- Take an existing production machine out of service to perform the required tests. In most cases, this does not need to create significant disruption to the production schedule as we are generally running tests on components that are scheduled to be running on the production schedule.
- Run the necessary testing on an off-shift, so as to completely avoid interfering with the normal production schedule. Of course, this is only available if you are not running a three shift operation.
- We have over 25 Sandvik Coromant Centers around the world that provide access to machine tools and engineering expertise. This allows us to perform R&D, customer process development and testing in a focused environment without disrupting the customer's production schedule.
- Some larger customers have setup their own manufacturing R&D divisions/centers that provide off-site testing but this is not a common scenario.
2. When will we have proven tool libraries for Mastercam?
Sandvik Coromant – Jeff Rizzie, Director, Digital Machining-Sales Area Americas: Sandvik Coromant has introduced a software solution called CoroPlus Tool Library that is designed specifically to manage the tool data requirements of any CAM system. In fact, integration to the Mastercam platform has already been accomplished making these two systems work seamlessly together. The CoroPlus Tool Library solution is based on the ISO 13399 standard which makes it tooling brand agnostic, meaning that you can use this to manage tooling data from any tooling brand that adheres to the ISO 13399 standard. For more information, please contact your Sandvik Coromant representative or visit the following website https://www.sandvik.coromant.com/en-us/products/coroplus-toollibrary.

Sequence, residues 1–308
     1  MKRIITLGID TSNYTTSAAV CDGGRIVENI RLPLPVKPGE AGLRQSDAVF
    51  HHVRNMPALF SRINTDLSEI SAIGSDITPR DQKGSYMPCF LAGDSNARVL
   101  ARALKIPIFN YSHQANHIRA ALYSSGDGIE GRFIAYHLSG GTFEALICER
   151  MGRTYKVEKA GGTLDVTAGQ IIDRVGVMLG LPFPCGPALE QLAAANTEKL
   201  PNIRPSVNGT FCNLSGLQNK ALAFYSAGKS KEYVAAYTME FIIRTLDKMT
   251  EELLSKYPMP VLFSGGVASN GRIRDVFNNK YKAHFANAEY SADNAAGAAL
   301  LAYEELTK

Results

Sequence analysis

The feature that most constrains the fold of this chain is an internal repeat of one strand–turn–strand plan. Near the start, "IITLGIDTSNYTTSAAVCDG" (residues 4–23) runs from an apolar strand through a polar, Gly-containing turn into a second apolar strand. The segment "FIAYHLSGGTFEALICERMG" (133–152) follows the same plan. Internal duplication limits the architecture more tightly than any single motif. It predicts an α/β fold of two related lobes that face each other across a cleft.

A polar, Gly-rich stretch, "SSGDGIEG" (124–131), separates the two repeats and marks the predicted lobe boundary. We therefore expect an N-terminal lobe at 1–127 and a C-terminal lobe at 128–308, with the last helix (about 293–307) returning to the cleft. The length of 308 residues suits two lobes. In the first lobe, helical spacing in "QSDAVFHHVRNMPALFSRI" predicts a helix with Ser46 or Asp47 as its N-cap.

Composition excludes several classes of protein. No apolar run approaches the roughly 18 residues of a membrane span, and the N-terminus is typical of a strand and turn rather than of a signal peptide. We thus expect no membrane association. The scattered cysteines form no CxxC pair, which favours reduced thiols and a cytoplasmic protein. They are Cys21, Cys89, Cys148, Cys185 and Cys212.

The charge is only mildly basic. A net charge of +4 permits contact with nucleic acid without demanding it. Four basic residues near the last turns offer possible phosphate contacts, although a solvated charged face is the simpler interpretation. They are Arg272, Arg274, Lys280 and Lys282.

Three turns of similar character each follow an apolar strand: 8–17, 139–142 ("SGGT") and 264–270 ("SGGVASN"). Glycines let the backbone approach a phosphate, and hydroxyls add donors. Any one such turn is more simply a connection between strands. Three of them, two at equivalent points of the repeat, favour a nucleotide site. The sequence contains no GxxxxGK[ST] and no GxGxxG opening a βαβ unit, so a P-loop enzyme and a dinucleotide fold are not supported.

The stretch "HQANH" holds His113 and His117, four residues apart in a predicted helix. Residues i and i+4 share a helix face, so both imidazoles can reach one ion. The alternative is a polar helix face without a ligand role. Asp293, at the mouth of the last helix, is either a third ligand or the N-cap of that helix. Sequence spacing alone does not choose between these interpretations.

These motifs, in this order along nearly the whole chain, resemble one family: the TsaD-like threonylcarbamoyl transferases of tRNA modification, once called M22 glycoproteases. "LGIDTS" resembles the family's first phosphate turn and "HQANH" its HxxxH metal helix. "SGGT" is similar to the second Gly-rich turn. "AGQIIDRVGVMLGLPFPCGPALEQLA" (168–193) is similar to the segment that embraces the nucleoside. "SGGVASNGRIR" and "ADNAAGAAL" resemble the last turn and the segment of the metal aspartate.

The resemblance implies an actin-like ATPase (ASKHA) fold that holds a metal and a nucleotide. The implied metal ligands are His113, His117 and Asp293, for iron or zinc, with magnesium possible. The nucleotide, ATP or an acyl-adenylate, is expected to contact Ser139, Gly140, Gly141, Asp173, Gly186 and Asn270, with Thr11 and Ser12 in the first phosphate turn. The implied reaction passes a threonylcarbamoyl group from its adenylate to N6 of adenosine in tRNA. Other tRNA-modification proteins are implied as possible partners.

3. What kind of challenges do you see coming from the use of high speed spindles, cutting tool wise, machine tool software and capability wise?
CGTech – Jeff Voegele, VERICUT Product Specialist: Cutting tools are ready for the challenge of high speed machining with high speed spindles.